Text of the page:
Coffee flavourings; coffee; vinegar; beer vinegar; soya sauce; spices; meal; glucose for culinary purposes; chutneys [condiments]; sauces [condiments]; relish [condiment] have a different nature, purpose and methods of use compared to all the opponent’s goods, which are mainly pastries, desserts, confectionary and ice creams. The goods are not complementary nor have the same manufacturers. Whilst they are all broadly speaking foodstuffs, as are the opponent’s goods in Class 30, this is not enough for a finding of similarity. The mere fact that they both have the aim of satisfying human nutritional needs is a very general purpose; considering that these goods cannot be said to meet the same or similar nutritional needs, the purpose is not the same. Although the goods under comparison can be used as ingredients in the process of preparing various dishes, the mere fact that they are needed for the preparation of a foodstuff will generally not be sufficient in itself to show that the goods are similar. The goods are dissimilar.
- Relevant public — degree of attention
The average consumer of the category of products concerned is deemed to be reasonably well informed and reasonably observant and circumspect. It should also be borne in mind that the average consumer’s degree of attention is likely to vary according to the category of goods or services in question.
In the present case, the goods found to be similar to varying degrees are basic food stuff and are directed at the public at large. The degree of attention is average.
- The signs
Earlier trade mark
The relevant territory is the European Union.
The global appreciation of the visual, aural or conceptual similarity of the marks in question must be based on the overall impression given by the marks, bearing in mind, in particular, their distinctive and dominant components (11/11/1997, C-251/95, Sabèl, EU:C:1997:528, § 23).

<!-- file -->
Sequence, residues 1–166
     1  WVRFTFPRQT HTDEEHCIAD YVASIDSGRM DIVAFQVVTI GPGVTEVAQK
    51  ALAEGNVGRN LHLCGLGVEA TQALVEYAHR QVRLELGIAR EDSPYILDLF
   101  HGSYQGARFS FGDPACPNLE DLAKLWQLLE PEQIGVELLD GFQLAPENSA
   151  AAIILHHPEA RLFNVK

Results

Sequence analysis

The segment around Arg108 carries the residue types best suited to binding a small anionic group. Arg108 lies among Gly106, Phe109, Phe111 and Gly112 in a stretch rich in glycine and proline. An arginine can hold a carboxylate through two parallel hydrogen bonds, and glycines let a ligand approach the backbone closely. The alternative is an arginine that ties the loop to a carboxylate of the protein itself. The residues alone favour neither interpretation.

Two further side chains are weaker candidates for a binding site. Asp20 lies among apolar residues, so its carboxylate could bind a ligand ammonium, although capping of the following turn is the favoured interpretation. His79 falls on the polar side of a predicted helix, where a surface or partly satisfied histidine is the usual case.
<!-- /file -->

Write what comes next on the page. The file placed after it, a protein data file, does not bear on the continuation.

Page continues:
The unitary character of the European Union trade mark means that an earlier European Union trade mark can be relied on in opposition proceedings against any application for registration of a European Union trade mark that would adversely affect the protection of the first mark, even if only in relation to the perception of consumers in part of the European Union (18/09/2008, C-514/06 P, Armafoam, EU:C:2008:511, § 57). This applies by analogy to international registrations designating the European Union. Therefore, a likelihood of confusion for only part of the relevant public of the European Union is sufficient to reject the contested application.
The element VILLA is meaningful in certain territories, for example, in those countries where Spanish is understood. Consequently, the Opposition Division finds it appropriate to focus the comparison of the signs on the Spanish-speaking part of the public.
The element VILLA of the contested sign will be understood as referring to a ‘small town, borough, municipality, villa as a house’ (www.rae.es) by the relevant public, which together with the following name indicate the origin of the goods. Bearing in mind that the relevant goods, found similar to a varying degrees, this element is of less distinctive character for these goods.
The element LOTUS of the marks has no meaning for the relevant public and is, therefore, distinctive.